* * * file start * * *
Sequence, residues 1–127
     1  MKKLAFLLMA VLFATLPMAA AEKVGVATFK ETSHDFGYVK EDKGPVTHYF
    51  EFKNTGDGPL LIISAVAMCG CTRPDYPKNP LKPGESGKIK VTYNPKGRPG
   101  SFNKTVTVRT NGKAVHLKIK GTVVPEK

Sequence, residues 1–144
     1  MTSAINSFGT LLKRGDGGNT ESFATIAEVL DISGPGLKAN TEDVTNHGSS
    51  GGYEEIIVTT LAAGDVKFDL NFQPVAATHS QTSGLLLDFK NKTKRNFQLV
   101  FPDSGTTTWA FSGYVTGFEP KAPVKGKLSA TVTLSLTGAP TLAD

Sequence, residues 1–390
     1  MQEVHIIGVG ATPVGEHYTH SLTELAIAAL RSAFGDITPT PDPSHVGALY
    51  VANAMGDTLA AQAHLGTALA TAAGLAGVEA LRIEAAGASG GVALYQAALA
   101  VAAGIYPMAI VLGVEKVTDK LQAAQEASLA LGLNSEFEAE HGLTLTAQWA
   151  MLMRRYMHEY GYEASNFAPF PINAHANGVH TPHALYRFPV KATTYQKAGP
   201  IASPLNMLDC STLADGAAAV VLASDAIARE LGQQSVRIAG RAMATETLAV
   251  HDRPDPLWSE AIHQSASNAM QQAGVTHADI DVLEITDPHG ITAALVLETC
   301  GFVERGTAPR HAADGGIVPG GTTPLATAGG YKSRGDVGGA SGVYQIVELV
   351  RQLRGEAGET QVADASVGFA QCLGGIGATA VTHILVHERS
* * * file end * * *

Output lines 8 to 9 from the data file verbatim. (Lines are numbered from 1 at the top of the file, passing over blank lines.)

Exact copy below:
   101  FPDSGTTTWA FSGYVTGFEP KAPVKGKLSA TVTLSLTGAP TLAD

Sequence, residues 1–390